Minor security hole in Google

Webmasterworld's "hitchhiker" and I found a security hole in Google today. He searched for something like "this can't be true" and his browser reported a JavaScript syntax error. I pointed out that with a carefully constructed query string, you can get Google to spit out something syntactically valid that does whatever you want. For example:

causes Google to generate the following onClick attribute: onClick="c('http://images.google.com/images?q='+alert(document.cookie)+'

If you follow the link and click a tab (web, images, groups, directory, news), you'll see your Google cookie in a dialog.

Hitchhiker responded:

I just can't believe G made that kinda mistake.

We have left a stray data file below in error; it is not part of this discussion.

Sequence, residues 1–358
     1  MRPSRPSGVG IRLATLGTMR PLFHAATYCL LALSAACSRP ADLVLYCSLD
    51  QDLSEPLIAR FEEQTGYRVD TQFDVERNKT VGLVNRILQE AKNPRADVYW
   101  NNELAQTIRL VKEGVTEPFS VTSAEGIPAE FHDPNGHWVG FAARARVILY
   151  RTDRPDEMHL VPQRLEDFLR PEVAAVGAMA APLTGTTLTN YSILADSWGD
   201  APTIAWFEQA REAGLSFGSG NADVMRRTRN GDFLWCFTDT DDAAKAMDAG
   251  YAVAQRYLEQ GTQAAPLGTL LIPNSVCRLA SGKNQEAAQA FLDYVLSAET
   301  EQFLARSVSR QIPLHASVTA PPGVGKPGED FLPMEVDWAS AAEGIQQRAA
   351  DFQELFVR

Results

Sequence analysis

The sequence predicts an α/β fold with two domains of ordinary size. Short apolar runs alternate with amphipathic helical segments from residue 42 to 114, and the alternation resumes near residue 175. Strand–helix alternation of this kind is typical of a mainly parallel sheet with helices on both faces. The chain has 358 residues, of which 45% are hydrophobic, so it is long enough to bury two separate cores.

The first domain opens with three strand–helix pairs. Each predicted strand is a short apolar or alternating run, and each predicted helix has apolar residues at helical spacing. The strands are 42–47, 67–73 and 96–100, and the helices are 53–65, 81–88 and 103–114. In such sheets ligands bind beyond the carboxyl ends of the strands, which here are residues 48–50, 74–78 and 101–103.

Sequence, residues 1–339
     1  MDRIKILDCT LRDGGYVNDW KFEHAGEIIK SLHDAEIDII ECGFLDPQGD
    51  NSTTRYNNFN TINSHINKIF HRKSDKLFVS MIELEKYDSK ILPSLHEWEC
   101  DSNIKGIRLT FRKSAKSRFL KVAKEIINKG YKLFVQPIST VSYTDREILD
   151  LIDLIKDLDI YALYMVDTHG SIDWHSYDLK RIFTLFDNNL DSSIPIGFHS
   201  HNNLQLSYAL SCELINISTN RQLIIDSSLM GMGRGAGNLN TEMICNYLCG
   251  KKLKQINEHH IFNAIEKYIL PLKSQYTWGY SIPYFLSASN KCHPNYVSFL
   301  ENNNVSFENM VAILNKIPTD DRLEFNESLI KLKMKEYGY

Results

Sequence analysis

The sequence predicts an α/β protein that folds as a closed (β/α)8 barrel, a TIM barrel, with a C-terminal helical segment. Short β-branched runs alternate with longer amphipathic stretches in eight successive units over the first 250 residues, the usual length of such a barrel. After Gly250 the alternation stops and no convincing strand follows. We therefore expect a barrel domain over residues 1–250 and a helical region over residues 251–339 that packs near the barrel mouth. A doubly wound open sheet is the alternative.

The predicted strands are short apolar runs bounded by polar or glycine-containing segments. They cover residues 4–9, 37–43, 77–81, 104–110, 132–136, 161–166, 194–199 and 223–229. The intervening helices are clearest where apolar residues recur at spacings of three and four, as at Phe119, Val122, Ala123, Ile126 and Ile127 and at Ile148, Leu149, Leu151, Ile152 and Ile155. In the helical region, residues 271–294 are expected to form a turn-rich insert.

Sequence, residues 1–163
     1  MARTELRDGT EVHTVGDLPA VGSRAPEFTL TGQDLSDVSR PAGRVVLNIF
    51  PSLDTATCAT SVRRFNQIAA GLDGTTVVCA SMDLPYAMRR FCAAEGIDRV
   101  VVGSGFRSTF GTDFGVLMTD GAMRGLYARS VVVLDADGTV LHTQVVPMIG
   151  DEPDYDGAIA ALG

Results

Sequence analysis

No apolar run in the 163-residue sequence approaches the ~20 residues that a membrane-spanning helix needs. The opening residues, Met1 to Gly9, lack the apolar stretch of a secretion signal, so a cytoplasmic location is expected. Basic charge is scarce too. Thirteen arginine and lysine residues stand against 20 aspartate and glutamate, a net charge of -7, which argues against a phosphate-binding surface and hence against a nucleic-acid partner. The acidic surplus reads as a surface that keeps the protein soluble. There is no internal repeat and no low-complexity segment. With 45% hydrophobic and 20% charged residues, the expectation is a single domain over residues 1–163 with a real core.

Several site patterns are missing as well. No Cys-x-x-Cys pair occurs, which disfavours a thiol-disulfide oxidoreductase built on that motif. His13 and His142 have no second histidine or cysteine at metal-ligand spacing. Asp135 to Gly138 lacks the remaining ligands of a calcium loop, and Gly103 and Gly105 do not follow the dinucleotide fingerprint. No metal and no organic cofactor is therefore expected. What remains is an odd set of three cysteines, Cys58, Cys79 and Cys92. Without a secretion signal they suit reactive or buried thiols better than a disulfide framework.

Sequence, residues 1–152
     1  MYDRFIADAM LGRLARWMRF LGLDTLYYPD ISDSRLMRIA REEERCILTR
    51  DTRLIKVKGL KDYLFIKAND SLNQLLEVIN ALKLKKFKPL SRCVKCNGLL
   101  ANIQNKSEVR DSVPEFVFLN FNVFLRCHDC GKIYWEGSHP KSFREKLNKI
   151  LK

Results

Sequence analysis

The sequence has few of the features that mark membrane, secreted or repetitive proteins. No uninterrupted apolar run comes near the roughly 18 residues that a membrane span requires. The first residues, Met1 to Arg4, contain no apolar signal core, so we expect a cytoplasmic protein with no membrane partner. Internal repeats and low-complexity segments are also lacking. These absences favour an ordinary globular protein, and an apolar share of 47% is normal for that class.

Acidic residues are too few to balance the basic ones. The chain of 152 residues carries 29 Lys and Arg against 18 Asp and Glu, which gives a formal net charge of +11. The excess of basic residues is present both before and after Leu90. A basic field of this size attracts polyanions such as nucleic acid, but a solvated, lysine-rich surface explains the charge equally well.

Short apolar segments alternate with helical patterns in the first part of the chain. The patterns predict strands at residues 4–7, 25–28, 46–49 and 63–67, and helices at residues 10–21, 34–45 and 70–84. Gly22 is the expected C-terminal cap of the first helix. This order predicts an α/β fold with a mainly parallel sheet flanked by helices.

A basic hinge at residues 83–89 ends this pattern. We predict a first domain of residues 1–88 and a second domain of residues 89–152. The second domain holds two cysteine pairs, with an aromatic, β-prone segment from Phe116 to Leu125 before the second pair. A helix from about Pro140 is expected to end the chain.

Escaping is not always the best solution. When I found a similar hole in some JavaScript code in Mozilla, ducarroz's solution was to use an alternative window.setTimeout syntax. The normal version of setTimeout takes a string to be parsed and executed; the alternative version takes a function and parameters. Instead of escaping the untrusted input, we avoided parsing a string containing the untrusted input.

2 Responses to “Minor security hole in Google”

  1. Matt Brubeck Says:

    Looks like they fixed it. The single-quotes are now escaped with backslashes.

  2. Jesse Ruderman Says:

    Yep, it’s fixed now. And \ is already escaped as %5C, so I can’t type ‘ to get ‘ and defeat the escaping.